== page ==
Ryan Lochte, Olympic medalist and aspiring fashion designer, applied to borrow $100,000 from New York City Bank (NYC Bank) to kick-start his fashion empire. To secure his $100,000 loan, Lochte agreed to offered to put up his five Olympic medals as collateral. An effective security agreement was created and authenticated by Lochte, but NYC Bank did not file a financing statement. A few months later, Lochte borrowed $50,000 from Paris Bank, once again putting his five medals as collateral. Lochte authenticated an effective security agreement and Paris Bank submitted a financing statement covering the medals, but unfortunately for Paris Bank, the financing statement was missing Ryan Lochte’s name so the filing office rejected it.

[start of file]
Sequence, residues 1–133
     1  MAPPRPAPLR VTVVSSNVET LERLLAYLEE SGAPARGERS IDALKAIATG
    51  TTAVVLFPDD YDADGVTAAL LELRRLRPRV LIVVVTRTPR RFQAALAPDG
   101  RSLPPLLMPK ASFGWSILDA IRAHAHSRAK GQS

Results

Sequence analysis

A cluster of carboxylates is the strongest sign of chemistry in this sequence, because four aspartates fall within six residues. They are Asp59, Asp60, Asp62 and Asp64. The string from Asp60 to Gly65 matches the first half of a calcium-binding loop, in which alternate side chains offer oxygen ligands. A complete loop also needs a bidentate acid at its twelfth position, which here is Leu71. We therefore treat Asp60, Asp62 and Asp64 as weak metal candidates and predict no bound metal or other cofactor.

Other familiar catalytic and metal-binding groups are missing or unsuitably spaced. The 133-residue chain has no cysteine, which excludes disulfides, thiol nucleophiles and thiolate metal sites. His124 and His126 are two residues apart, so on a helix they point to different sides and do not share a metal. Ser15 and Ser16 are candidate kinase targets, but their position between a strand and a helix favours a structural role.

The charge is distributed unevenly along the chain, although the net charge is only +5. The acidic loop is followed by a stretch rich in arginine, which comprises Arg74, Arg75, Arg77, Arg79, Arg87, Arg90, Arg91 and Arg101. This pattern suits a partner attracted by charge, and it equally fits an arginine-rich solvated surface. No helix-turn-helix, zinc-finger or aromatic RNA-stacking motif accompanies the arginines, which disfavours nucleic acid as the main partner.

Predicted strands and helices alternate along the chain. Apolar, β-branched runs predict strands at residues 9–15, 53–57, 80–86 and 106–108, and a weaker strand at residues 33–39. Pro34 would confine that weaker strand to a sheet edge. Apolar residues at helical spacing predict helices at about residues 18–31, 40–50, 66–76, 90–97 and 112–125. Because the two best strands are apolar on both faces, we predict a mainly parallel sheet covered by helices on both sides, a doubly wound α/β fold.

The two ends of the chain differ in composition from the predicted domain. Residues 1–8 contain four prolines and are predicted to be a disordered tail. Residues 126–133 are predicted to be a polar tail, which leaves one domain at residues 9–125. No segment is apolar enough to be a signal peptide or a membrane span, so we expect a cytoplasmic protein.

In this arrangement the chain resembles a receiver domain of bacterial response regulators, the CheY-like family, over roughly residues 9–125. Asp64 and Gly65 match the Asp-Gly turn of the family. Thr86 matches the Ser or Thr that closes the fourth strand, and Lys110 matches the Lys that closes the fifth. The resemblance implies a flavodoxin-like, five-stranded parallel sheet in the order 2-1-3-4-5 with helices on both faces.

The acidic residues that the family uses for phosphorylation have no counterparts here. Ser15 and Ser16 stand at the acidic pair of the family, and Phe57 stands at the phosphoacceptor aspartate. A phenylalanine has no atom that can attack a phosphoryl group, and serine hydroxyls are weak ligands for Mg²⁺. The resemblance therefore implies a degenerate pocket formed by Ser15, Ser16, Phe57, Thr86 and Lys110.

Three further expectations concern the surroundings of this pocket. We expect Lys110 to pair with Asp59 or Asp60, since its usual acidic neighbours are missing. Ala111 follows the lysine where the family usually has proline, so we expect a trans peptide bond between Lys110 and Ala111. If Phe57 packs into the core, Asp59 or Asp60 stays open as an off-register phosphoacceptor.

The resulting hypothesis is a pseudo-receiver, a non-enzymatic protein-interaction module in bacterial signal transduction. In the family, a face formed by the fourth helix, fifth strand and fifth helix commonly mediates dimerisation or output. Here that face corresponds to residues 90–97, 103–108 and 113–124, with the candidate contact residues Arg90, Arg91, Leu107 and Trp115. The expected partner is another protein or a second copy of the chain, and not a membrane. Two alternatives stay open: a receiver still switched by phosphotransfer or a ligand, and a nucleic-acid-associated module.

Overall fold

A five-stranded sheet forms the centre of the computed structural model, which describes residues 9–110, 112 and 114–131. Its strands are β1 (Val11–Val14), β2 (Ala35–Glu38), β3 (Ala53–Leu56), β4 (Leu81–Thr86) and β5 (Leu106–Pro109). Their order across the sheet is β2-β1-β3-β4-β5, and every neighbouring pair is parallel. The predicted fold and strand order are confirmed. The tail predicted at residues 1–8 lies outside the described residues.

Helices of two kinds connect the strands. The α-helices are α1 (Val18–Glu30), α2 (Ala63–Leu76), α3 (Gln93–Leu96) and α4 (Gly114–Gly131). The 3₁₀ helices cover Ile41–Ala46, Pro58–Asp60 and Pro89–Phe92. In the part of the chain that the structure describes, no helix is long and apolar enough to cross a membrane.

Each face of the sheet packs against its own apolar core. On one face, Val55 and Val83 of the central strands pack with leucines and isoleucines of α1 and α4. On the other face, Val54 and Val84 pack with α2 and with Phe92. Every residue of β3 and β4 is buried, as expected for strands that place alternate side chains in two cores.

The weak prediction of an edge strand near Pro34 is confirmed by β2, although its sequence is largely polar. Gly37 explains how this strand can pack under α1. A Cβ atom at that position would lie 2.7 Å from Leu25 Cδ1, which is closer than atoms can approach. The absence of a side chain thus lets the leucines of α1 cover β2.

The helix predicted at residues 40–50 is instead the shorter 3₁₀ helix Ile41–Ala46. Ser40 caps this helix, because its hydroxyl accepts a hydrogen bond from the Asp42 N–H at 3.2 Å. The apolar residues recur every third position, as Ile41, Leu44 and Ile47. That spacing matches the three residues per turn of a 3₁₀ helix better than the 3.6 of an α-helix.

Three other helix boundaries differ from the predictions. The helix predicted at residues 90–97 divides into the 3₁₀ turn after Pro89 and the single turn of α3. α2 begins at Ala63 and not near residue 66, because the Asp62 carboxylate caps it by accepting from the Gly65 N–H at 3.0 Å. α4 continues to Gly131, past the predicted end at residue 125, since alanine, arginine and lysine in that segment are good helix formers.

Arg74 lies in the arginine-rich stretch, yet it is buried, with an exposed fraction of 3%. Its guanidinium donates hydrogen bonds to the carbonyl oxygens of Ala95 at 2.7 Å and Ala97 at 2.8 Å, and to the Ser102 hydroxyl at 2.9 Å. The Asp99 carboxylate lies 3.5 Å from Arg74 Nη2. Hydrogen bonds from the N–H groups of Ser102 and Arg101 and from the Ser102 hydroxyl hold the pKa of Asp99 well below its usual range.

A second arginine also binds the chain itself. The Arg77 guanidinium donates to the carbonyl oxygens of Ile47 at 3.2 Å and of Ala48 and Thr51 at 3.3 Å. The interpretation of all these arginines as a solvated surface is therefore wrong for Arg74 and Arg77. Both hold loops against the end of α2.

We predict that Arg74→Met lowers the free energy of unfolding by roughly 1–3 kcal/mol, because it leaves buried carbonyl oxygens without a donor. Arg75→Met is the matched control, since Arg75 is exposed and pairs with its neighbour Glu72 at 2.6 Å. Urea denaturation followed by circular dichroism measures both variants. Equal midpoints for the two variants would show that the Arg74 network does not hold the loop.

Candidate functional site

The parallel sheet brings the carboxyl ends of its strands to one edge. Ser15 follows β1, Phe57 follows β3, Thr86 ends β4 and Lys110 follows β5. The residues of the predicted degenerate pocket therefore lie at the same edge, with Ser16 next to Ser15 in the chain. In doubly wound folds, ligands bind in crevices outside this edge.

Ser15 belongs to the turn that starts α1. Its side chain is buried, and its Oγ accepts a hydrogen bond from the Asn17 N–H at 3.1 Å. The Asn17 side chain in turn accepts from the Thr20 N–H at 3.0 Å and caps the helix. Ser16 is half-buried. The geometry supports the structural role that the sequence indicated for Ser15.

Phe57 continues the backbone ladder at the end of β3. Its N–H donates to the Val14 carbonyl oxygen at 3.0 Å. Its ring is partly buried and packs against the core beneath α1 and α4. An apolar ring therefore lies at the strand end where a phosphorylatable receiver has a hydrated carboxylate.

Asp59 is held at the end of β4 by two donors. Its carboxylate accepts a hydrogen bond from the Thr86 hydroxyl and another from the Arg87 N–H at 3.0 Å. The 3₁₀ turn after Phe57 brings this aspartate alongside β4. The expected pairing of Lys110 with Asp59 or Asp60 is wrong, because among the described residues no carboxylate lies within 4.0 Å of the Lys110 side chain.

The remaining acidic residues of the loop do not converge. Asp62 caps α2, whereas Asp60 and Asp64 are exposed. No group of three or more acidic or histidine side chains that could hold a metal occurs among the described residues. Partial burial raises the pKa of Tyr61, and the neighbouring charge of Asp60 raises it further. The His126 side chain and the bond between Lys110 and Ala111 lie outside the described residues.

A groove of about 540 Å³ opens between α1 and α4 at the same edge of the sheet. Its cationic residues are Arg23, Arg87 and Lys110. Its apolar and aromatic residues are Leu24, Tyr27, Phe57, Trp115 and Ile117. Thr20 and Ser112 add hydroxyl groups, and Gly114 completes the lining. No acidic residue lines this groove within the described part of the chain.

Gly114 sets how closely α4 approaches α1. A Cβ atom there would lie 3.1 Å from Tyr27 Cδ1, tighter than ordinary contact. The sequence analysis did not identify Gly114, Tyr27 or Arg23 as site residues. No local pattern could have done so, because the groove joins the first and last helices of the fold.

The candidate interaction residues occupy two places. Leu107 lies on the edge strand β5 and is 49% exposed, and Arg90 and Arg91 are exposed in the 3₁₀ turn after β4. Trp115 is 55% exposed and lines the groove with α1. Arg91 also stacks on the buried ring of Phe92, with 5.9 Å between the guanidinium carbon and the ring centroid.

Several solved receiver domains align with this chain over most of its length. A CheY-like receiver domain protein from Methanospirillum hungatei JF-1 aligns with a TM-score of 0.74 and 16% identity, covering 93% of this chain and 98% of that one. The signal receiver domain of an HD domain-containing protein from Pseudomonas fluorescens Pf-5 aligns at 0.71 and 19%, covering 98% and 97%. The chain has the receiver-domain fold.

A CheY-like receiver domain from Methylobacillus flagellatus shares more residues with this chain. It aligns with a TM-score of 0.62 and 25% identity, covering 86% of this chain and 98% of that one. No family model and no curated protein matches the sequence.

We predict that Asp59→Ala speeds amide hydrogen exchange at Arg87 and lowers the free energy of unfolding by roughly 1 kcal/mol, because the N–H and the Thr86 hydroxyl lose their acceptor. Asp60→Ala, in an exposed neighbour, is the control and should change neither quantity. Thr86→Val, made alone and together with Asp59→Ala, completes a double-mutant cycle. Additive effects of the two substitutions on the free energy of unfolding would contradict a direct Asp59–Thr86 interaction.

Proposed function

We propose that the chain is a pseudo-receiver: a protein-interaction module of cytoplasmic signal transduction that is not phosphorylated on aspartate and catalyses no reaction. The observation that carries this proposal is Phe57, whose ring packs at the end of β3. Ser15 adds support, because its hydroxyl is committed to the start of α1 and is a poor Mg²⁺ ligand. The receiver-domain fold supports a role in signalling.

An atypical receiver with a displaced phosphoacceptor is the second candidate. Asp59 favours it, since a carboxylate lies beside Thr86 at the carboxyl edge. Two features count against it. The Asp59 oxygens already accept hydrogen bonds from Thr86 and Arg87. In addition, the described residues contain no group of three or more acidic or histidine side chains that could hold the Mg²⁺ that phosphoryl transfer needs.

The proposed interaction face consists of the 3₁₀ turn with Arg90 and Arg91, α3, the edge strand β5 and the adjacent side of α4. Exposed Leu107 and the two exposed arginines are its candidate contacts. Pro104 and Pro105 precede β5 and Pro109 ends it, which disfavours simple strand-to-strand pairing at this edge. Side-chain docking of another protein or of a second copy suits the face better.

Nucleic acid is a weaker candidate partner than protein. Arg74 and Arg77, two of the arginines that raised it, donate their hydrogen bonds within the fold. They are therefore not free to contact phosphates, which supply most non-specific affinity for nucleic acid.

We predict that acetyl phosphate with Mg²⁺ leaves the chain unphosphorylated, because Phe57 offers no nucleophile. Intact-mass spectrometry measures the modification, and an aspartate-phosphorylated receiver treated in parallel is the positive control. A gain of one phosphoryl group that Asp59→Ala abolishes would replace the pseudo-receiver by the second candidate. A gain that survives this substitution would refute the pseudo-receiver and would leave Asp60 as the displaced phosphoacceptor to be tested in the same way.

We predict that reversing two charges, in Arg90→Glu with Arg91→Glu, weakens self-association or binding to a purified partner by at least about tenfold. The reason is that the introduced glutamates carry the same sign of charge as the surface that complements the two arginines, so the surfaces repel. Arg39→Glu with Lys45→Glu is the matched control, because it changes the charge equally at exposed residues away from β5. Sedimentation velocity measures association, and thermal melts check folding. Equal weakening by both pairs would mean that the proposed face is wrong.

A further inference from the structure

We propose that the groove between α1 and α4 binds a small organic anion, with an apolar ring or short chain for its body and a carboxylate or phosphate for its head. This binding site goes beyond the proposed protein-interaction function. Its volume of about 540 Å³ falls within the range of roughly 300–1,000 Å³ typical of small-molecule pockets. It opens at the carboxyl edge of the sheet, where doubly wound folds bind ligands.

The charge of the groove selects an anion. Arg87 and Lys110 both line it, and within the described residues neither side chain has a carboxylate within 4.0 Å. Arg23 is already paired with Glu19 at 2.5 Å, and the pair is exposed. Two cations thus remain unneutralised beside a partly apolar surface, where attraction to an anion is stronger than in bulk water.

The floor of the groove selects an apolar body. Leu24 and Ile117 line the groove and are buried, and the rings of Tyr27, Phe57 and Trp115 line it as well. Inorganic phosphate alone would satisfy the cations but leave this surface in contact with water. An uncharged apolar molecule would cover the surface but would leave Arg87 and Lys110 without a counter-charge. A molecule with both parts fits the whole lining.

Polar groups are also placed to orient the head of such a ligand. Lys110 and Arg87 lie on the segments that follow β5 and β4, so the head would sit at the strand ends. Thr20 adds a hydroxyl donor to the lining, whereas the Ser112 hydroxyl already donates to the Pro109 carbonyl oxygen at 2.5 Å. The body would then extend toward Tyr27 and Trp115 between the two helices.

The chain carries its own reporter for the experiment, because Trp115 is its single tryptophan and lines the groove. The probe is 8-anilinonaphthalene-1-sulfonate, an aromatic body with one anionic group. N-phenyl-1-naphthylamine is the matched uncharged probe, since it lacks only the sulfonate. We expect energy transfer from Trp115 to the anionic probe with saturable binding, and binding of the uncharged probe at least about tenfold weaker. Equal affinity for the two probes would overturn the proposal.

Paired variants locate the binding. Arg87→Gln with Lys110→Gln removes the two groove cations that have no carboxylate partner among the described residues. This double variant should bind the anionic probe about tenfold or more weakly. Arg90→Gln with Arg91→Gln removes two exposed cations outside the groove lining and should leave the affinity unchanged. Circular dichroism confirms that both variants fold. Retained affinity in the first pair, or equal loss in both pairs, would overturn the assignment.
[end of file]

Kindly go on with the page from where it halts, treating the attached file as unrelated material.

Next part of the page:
The business side of Ryan Lochte’s fashion empire was a failure and as a result Lochte defaulted on both of his loans. NYC Bank and Paris Bank are now in dispute as to who has priority over the five Olympic medals. Who has first priority in the medals?
1. Paris Bank, because its security interest was the first to be “perfected”
2. NYC Bank, because its security interest was the first to “attach.”
3. NYC Bank, because it was the first lender to whom Lochte offered to put up his five medals as collateral.
4. Paris Bank, because they were the first to file a financing statement covering the five medals.